New overlook at state park celebrates ospreys

  • A pair of nesting ospreys with their young earlier this year at Moraine Hills State Park

    A pair of nesting ospreys with their young earlier this year at Moraine Hills State Park Courtesy of Lisa Maier

  • Greg Kelly, regional land manager for the Illinois Department of Natural Resources, discusses the Osprey Meadow Interpretive Overlook at Moraine Hills State Park near McHenry

      Greg Kelly, regional land manager for the Illinois Department of Natural Resources, discusses the Osprey Meadow Interpretive Overlook at Moraine Hills State Park near McHenry Mick Zawislak | Staff Photographer

  • A panel with information on ospreys is an element of a new interpretive overlook of Lake Defiance at Moraine Hills State Park near McHenry

      A panel with information on ospreys is an element of a new interpretive overlook of Lake Defiance at Moraine Hills State Park near McHenry Mick Zawislak | Staff Photographer

 
 
Updated 10/8/2020 6:44 PM

A new interpretive area was dedicated Thursday at Moraine Hills State Park, east of the Fox River near McHenry, with a surprise appearance by a special guest.

You needed binoculars to know for sure, but there indeed was an osprey soaring above Lake Defiance near the center of the expansive 2,200-acre park.

                                                                                                                                                                                                                       
 

The elusive migratory bird usually has headed south by this time of year. Was it passing through or a member of the lone nesting family here?

No one can say as the fish-eating raptor generally has left the area by late August or so. But with open water and meals available, there are bound to be stragglers.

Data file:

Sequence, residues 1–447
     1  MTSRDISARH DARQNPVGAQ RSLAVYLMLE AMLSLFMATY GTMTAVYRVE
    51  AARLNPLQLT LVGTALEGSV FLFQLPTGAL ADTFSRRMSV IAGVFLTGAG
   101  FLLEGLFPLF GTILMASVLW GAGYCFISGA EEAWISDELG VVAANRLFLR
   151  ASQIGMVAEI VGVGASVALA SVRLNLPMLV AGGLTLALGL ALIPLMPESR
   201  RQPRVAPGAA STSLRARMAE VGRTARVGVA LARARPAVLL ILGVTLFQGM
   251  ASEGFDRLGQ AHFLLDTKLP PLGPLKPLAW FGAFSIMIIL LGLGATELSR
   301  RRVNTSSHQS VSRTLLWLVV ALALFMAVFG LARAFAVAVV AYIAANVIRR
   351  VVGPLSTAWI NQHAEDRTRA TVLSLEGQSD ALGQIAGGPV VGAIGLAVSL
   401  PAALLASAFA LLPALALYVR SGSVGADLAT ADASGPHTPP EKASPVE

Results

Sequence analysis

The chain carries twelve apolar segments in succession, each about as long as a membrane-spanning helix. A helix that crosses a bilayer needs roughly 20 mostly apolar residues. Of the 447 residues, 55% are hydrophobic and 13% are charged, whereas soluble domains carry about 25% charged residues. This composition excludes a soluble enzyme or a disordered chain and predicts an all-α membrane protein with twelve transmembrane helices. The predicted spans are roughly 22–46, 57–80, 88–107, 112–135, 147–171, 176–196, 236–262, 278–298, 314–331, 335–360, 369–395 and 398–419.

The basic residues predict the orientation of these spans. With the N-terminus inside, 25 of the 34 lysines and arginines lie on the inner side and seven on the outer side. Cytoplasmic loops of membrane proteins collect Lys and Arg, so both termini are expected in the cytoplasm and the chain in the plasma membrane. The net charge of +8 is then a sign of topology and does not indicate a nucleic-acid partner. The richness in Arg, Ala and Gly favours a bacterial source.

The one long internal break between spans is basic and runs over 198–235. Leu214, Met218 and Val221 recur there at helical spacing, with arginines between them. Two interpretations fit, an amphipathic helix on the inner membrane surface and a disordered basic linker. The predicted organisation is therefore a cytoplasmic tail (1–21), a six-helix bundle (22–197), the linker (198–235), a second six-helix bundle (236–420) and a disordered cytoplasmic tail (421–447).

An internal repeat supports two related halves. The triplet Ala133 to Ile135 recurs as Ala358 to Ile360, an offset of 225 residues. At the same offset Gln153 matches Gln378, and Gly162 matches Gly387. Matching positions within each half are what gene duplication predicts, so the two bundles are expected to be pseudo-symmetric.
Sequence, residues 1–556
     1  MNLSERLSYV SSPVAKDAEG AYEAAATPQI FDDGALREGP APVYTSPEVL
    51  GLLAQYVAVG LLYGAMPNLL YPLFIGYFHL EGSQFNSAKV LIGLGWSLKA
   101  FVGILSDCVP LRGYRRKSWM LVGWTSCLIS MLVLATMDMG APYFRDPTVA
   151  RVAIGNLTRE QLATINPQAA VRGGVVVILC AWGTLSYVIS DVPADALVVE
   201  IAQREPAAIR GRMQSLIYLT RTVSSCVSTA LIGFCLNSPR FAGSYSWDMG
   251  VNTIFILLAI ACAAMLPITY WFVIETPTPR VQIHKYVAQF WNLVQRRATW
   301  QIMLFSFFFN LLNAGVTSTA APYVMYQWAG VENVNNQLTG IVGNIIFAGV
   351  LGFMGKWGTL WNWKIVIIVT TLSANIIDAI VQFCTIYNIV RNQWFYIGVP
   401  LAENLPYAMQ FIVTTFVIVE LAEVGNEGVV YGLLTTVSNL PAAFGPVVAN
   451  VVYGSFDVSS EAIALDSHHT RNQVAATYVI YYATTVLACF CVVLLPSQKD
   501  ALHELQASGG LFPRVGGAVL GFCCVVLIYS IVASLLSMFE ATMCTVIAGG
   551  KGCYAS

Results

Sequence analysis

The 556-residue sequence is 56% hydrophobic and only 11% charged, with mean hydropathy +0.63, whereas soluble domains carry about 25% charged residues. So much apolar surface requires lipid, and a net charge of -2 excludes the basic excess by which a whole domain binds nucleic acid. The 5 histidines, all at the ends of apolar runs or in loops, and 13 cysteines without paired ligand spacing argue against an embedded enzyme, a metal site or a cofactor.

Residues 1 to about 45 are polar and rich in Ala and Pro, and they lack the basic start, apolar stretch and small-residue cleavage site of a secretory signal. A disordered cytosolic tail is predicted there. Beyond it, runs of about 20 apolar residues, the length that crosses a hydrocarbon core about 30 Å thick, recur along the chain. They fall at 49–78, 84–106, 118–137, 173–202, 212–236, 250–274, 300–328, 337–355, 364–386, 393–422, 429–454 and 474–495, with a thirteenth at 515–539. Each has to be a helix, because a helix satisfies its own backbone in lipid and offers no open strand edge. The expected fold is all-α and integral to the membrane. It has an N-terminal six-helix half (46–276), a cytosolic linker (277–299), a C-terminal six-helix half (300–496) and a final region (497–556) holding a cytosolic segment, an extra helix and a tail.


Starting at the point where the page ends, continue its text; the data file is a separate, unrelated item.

The occasion was the ceremonial opening of Osprey Meadows Interpretive Overlook, a brick and stone structure affording a panoramic view of the lake.

It features three informational panels describing the park's glacial and human history, the osprey, and the volunteers, park staff and community groups that collaborated on the project.

About 20 of those involved enjoyed the picture-perfect day.

"We did this without one penny of planning or engineers," said Greg Kelly, the former site superintendent who now oversees 15 state parks in nine counties as regional land manager for the Illinois Department of Natural Resources.

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"It was back of a napkin, everybody working together," he added.

The $40,000-plus project was made possible with support from the Guenther family, the Community Foundation for McHenry County, McHenry County Audubon's memorial fund, and Friends of Moraine Hills State Park.

The Illinois Department of Natural Resources manages the site and contributed in-kind labor. The brick and stone were recycled from the demolished Big Hollow School in Ingleside and came at a discount, Kelly said.

The park's involvement with the unique bird started about 10 years ago. That's when Brad Semel, an endangered species recovery specialist with Natural Resources, had a nesting platform installed on a telephone pole near the lake.

Like bald eagles, ospreys were making a comeback after the ban on the insecticide DDT, and their population was expected to expand from the south.

It took awhile, but in 2017, a nesting pair took up residence on Lake Defiance and remain Moraine Hills' sole osprey couple.

                                                                                                                                                                                                                       
 

Meanwhile, the state down-listed osprey from endangered to threatened, and there are numerous nesting pairs in Lake and McHenry counties, according to Semel.

With the help of ComEd, three more poles have been installed at other locations at Moraine Hills.

The resident pair this year had three offspring, and it is hoped more will find the clean water, good fishing and wide-open views of the other platforms to their liking.

"The (Stratton Lock and Dam) will attract a bald eagle or osprey," Kelly said. "We don't mind either one."

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